Within days of the attacks on September 11, 2001, Americans told each other, “We will never forget”: a wish, and command, as much as a statement of fact. But how should we remember?
An Instragram tribute from actor Adrian Grenier sparked both appreciation and outrage, setting the tone for an anniversary weekend of not only mourning, but controversy, as Americans wrestled with the day's legacy fourteen years after the attacks in New York, Virginia, and Pennsylvania.
Mr. Grenier, best known for his lead role in HBO’s "Entourage," posted a somber drawing of the Twin Towers on Friday, September 11, accompanied by a brief message:
R.I.P. the 2,996 Americans who died in 9/11. R.I.P. the 1,455,590 innocent Iraqis who died during the U.S. invasion for something they didn't do.
Although some viewers quibbled over his numbers, most of the flood of comments were inspired by gratitude or fury that he dared mention Iraqi deaths in the same breath. The image soon disappeared, replaced by new photographs and messages, likely intended to soothe his critics, and garnering nearly 9000 'likes':
In challenging moments and times of mourning, we must seek perspective to help us find peace within our choices forward. #911.
However, the debate continued in users’ comments, soon carrying over into mainstream media.
Grenier’s tribute was not the only one to get people talking on social media. After the Lumberton, Texas high school cheer squad posted a video of their latest routine, meant to honor those killed on 9/11, it quickly went viral, viewed over 23 million times on Facebook.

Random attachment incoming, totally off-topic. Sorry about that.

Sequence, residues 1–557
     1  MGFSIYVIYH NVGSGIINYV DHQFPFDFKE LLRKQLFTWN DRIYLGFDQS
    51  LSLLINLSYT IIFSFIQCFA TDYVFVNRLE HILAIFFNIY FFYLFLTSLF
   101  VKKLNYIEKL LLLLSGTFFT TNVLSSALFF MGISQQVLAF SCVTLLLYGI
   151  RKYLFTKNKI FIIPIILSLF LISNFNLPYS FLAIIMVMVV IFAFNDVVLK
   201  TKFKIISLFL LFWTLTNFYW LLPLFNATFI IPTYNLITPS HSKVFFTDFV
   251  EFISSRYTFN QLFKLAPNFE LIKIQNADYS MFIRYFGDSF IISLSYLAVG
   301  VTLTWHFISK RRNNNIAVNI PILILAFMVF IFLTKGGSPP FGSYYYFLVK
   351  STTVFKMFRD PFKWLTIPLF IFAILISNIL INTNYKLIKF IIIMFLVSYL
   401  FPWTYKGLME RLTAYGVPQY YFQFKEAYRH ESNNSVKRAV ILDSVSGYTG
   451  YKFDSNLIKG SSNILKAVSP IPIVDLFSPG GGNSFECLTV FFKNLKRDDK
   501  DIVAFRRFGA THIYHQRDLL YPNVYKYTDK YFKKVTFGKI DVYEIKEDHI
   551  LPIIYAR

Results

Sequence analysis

The squad’s intent seems unabashedly patriotic: the 9/11 tribute is an annual team tradition, and ends in a “USA” formation with the American flag flying behind. Throughout, a remix of Lee Greenwood’s “God Bless The U.S.A.” plays, remixed with sound clips from 9/11 broadcasts and George W. Bush’s public address.
While plenty of fans loved the tribute, others criticized it as “cringeworthy” and “tasteless,” although comments were not as explicitly political as Grenier’s detractors'.
Meanwhile, at ground zero in New York City, mourners assembled for the traditional, and traditionally solemn, reading of names. While the ceremony is held at the Twin Towers’ empty footprints, now reflecting pools, this year brought two new backdrops: the National September 11 Memorial Museum, which opened last May, and the recently-finished 1 World Trade Center skyscraper.
According to The Washington Post, victims' families voiced concerns that the Museum, which hosted 2.7 million visitors in its first year, threatened to change the character of what many consider their loved ones’ burial ground, a place for sanctuary and reflection.
Ground Zero is undoubtably a "site to see" in New York, but some families have long feared that it would one day feel more "touristy," and criticized the Museum’s gift shop in particular.
Joe Daniels, president and CEO, defends the 9/11 Museum as an “incredible educational tool to show the broader context of this event.” Its historic purpose, however, may reveal a rift between those ready to consider 9/11 in “broader context” and those for whom it remains a personal tragedy.
Among Grenier’s later Instragram posts for the anniversary is a simple pair of columns, resting atop the word “Pause.” A reminder to remember, but also, perhaps, a call to reflect on how we do so.